While the Digital Lab was a new event for our MBAs, recruiting and ICPs remain key highlights at this time of the year. Mathieu Pointeau (MBA blogger 2008) shared his reflections from 10 years ago:
19th September 2008
This is my 100th diary entry. 100 stories. 100 experiences. 100 opportunities to share with you what is going on inside the IMD MBA bubble.
Times have changed again. We have left the International Consulting Projects behind for a couple of weeks in order to focus on the search of our ideal job. Ideal job… Interesting concept. There are probably 90 versions of it in the Class. Once you have managed to define it, assuming you have got enough self-awareness to do so, I guess you just have to go and fetch it. You enquire, you write, you call, you apply, you interview…
This is usually when it starts to hurt. The rejection. The famous Ding. The one that wipes out for a few hours of genuinely wild disbelief, the pride, the enthusiasm and the self-confidence so patiently gathered during the initial approach from and to the targeted company. The on-campus presentation, the covering letter, the interview prepared to the best of your ability… and the Ding. Or even worse, the vicious feeling that you have not performed as well as you know you should have or that you have naively said things that you should have probably kept to yourself for fear of amalgamation or misinterpretation.
In some much needed occasions, there is a feeling of connectivity. Some complicity which increases your feel good capital. You are at ease, everything is going well. And you leave happy. Happy with the outcome and happy with yourself. But the uncertainty soon takes over with rumours that it went even better for some of your peers. They experienced more complicity or even better, were implicitly told that they would go through to the second round of interviewing. This is when it happens again: whatever your initial positive feeling might have been, you start doubting again. And you meet throughout the campus, 90 high achievers impeccably dressed with startlingly high levels of insecurity and low levels of self-confidence. A bunch of human beings slowly going back to the humbling real world.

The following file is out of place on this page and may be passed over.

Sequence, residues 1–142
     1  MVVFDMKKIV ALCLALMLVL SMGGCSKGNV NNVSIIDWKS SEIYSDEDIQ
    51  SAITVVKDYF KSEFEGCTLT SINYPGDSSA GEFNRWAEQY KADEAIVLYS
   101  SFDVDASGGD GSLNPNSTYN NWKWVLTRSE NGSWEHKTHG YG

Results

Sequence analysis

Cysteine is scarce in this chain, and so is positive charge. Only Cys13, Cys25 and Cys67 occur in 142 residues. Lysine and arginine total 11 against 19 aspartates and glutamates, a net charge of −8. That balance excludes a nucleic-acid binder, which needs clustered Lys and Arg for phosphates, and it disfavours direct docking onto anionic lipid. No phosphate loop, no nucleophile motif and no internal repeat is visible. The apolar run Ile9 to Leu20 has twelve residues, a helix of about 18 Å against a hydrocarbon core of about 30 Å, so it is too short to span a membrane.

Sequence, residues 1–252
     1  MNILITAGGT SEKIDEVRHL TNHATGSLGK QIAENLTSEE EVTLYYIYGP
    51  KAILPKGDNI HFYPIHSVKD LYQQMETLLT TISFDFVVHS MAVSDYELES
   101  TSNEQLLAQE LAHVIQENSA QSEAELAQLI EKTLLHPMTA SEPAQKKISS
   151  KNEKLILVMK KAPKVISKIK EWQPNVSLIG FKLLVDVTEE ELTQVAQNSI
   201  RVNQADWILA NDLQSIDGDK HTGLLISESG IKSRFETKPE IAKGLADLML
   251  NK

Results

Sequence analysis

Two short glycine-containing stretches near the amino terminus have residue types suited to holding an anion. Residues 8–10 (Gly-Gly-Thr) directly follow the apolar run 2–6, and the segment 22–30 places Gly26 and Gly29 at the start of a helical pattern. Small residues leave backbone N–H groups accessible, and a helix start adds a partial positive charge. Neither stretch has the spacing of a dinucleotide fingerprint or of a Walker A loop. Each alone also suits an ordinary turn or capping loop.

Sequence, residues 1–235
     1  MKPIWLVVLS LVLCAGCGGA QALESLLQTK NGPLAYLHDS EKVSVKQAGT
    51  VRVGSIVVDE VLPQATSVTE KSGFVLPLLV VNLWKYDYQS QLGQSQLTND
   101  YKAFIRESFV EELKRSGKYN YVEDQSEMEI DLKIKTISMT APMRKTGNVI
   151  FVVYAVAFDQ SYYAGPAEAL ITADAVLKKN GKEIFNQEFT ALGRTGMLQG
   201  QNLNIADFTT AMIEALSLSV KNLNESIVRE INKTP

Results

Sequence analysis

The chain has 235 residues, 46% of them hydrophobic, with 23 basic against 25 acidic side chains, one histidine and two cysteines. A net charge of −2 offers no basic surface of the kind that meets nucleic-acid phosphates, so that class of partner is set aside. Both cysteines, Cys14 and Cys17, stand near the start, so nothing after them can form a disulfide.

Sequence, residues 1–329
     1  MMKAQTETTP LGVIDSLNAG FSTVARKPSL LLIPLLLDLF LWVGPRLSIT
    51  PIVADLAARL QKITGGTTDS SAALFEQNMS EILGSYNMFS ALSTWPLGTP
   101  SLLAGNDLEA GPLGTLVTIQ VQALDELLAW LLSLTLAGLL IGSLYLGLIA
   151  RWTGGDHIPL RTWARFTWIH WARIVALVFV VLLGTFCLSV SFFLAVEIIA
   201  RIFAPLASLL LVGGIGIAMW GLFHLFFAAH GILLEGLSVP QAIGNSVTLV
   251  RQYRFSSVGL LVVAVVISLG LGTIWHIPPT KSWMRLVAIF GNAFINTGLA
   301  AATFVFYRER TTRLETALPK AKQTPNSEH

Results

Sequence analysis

As one of my most admired friends wrote to me a couple of nights ago as I was myself feeling the first whispering winds of anxiety:-
“My #1 learning this year is that, when things seem to go against you, don’t react, don’t get down. Because, almost always, in the short term things are much better than they seem [a cliché, but true], and in the long term your fundamental talent will see you through.
Basically, I’ve learned to have faith in myself, whatever the situation. You should do the same.”
We, you should all do the same. 100 stories. 100 reasons to believe in yourself. And write the following back to any rejecting ex-potential employer:-
I regret to inform you that I am unable to accept your rejection letter for the job as <job title>.
I have reviewed your letter of rejection and noted the basis on which you have come to your decision. I congratulate you on the thoroughness of your evaluation. I expect to receive no less than seven letters of rejection this year. Most of these letters are from companies with a successful track record of rejecting candidates, however, with seven letters applying to reject me, I have only the capacity to accept six.
With virtually every company offering significant rejection experience and submitting persuasive letters of rejection, my task in selecting acceptable rejection letters has been extremely difficult. As a result, I cannot accept your excellent rejection letter based on the competitive context of the pool of rejection letters. The fact that I have not offered to accept your rejection should not be taken as a reflection of your potential to reject future candidates, the thoroughness of your evaluation process, or your potential for maintaining low employment ratios.
I am sorry that this letter does not carry better news. I wish you success in your rejection of future candidates, and, regrettably, will be showing up for work at your company’s premises in the beginning of 2009.
Time to wish you a good evening, I guess.
We are all off partying tonight. A Champagne Party expertly organised by Zina Sanyoura [Lebanese] and Enrique Hernandez-Pons [Mexican]. All these mobile phones that have been shortly ringing in the Auditorium… Time to celebrate them!
Carpe Diem – Seize the moment,